The avid surfer initially went to school in California before transferring to Flagler College in St. Augustine, Fla., where he earned a business degree. He never stopped working in the hospitality business. After graduation, he had restaurant jobs in Puerto Rico, Fire Island, N.Y., and St. Thomas before he was offered the sous-chef position with Grove Market in Bishopville, Md. He also helped open Blacksmith, owned by Justine Zegna of Planet X fame in Rehoboth. He started at a(MUSE.) last March when Hari and brother Orion were immersed in opening grandpa(MAC).
Gilbert describes his style as “coastal” with a modern approach. Fried whole minnows are “basically the best fish stick you ever tasted.” In addition to seafood, he’s using local seaweeds, sea beans and sea lettuces in his dishes. He often experiments with fermentation. Garlic is a popular subject. He also makes sauerkraut and kimchee.
Gilbert waffles between owning a restaurant—he’s toying with a general-store concept—and working at one. “I grew up surfing. It’s a big part of what keeps me happy,” he says. Lately, the 80-hour weeks have kept him from the beach. “I’m trying to figure out how to make myself happy and still make a living.” Meanwhile, he helps keep a(MUSE.) diners very happy indeed.
Head chef, Plate Catering, Lewes
As a child, Myers wanted to become a chef for one reason: “I was—and still am—a very picky eater,” she says. “I wanted to learn how to manipulate ingredients in ways that would be more enjoyable to me.”
At her first job in a small catering and lunch spot in Haymarket, Va., she learned classic techniques and knife skills from an Austrian chef. She was just 15.
Myers, a graduate of the Culinary Institute of America, likes to bring out a food’s flavor with minimal flair. “Dishes don’t need thousands of ingredients,” she says. “If you start with a great product and you’re skilled at knowing flavor pairings, the food will speak for itself.”
Myers, who started with Plate Catering in 2010, says that catering requires organizational skills along with culinary talent. “The hours are long and the job is demanding,” she says. “But all the time and effort is worth it when you get to see someone really enjoy eating what you’ve created.”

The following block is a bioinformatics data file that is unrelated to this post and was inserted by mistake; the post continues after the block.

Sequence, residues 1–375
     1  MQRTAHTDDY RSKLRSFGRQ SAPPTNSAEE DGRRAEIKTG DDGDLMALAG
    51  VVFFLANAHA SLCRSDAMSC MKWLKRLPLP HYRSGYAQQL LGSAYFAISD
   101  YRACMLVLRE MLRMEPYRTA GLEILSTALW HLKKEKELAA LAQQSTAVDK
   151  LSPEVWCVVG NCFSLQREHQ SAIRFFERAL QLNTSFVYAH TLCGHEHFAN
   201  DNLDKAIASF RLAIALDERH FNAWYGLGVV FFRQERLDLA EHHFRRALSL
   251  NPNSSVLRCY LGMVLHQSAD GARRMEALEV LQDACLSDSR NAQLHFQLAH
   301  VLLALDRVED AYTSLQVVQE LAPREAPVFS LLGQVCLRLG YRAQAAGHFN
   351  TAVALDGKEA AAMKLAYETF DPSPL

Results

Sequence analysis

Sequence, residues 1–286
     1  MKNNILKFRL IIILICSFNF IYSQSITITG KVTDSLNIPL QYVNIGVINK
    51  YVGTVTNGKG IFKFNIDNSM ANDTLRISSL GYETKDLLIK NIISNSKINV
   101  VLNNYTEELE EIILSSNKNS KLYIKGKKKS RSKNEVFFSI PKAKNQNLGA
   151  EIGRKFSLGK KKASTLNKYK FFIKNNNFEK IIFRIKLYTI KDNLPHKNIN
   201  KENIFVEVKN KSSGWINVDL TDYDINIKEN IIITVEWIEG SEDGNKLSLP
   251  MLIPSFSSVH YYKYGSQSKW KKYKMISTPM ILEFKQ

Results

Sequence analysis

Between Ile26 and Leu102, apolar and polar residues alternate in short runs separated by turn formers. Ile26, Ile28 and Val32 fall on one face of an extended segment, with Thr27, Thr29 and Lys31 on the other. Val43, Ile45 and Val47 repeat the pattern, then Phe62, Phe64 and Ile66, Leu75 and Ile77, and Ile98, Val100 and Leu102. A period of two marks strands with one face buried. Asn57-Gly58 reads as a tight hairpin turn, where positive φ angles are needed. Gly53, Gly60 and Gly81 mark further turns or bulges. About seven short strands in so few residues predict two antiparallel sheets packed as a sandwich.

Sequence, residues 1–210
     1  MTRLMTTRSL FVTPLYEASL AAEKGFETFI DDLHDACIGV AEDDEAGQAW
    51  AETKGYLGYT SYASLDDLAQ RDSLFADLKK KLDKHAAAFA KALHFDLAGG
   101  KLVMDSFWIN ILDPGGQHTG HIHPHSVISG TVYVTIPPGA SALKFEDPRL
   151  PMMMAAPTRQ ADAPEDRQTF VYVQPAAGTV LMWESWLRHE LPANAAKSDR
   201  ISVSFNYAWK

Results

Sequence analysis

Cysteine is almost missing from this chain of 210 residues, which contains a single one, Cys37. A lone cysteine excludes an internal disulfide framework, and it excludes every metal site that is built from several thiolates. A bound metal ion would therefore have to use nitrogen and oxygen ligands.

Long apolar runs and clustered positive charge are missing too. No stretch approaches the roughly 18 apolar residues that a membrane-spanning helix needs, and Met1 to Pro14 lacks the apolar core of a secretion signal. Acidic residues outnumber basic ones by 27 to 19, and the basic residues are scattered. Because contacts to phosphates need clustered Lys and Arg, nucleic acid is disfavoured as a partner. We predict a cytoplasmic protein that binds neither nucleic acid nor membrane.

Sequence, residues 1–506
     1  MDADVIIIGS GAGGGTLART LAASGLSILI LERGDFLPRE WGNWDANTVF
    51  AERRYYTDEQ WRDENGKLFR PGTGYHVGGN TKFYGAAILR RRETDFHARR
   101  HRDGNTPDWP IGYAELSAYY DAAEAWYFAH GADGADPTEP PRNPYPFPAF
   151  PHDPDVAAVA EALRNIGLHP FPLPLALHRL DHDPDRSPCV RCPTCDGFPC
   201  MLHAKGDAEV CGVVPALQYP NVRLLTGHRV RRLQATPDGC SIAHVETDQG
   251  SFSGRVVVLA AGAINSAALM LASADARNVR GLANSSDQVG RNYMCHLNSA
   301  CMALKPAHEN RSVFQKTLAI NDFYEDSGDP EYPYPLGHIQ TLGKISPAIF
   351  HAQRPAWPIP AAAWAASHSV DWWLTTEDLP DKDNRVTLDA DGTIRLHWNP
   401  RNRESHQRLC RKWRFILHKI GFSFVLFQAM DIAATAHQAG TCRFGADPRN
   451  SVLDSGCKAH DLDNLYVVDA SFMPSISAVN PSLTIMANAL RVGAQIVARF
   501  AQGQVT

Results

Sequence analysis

Executive chef, Lupo Italian Kitchen, Rehoboth Beach
Parks was a teenager in Maine when he realized that if he wanted spending money, he needed a job. So he started working in a restaurant. “I had a knack for it,” he says. After graduating from The Restaurant School at Walnut Hill College in Philadelphia, he delved into Italian cuisine in the Washington, D.C., area, where he also met his wife, Korin, a journalist.
The young, ambitious couple headed to New York, where he was the sous chef at Tom Colicchio’s restaurant Craft, then executive sous chef at Colicchio & Sons. He helped friends open restaurants before landing a position at The Guilty Goose in Chelsea. When their son was born, the couple tired of the city’s fast pace. “You could never get ahead in New York,” he says. “We wanted to buy a house and settle down. We got New York out of our system.”
Since Korin’s parents own The Little Store in Dewey Beach, they relocated to the Delaware coast in 2014. Parks worked for SoDel Concepts’ flagship restaurant, Bluecoast Seafood Grill, before heading up Lupo. “I’m most comfortable cooking Italian cuisine, but I’m drawn to new American cuisine,” says Parks, who’s currently playing with basil, heirloom tomatoes and peaches in the kitchen.
Parks, who says it’s hard for him to sit still, loves prepping all day and plunging into the rush of the dinner service. But even though his hands are at work, his mind is rarely at rest. “I’m constantly thinking,” he says. And tonight’s thoughts become tomorrow’s specials.
Chef, Patsy’s, Bethany Beach
Rankin is a chip off the old block. She’s the executive chef of the restaurant founded by her mother, Patsy Dill Rankin, in 2000. They’re also both graduates of the L'Academie de Cuisine Professional Culinary School.
Patsy Rankin, who enrolled in culinary school at age 46, opened the restaurant with a Key West-inspired menu. That’s still the case, but now the menu also mines Asia, Mexico and the Mideast for inspiration. Credit the adventurous Robin Rankin, who’s well traveled and experimental. “You have to evolve,” she says.
Robin is into spices, such as za’atar, sumac and garam masala, which might appear on seared fish. Those who prefer less exotic fare needn’t worry. “We try to keep it pretty simple with fresh ingredients we get locally,” she says.
A vegetarian until she was 18, Rankin helped establish Patsy’s as a place that caters to people with dietary needs.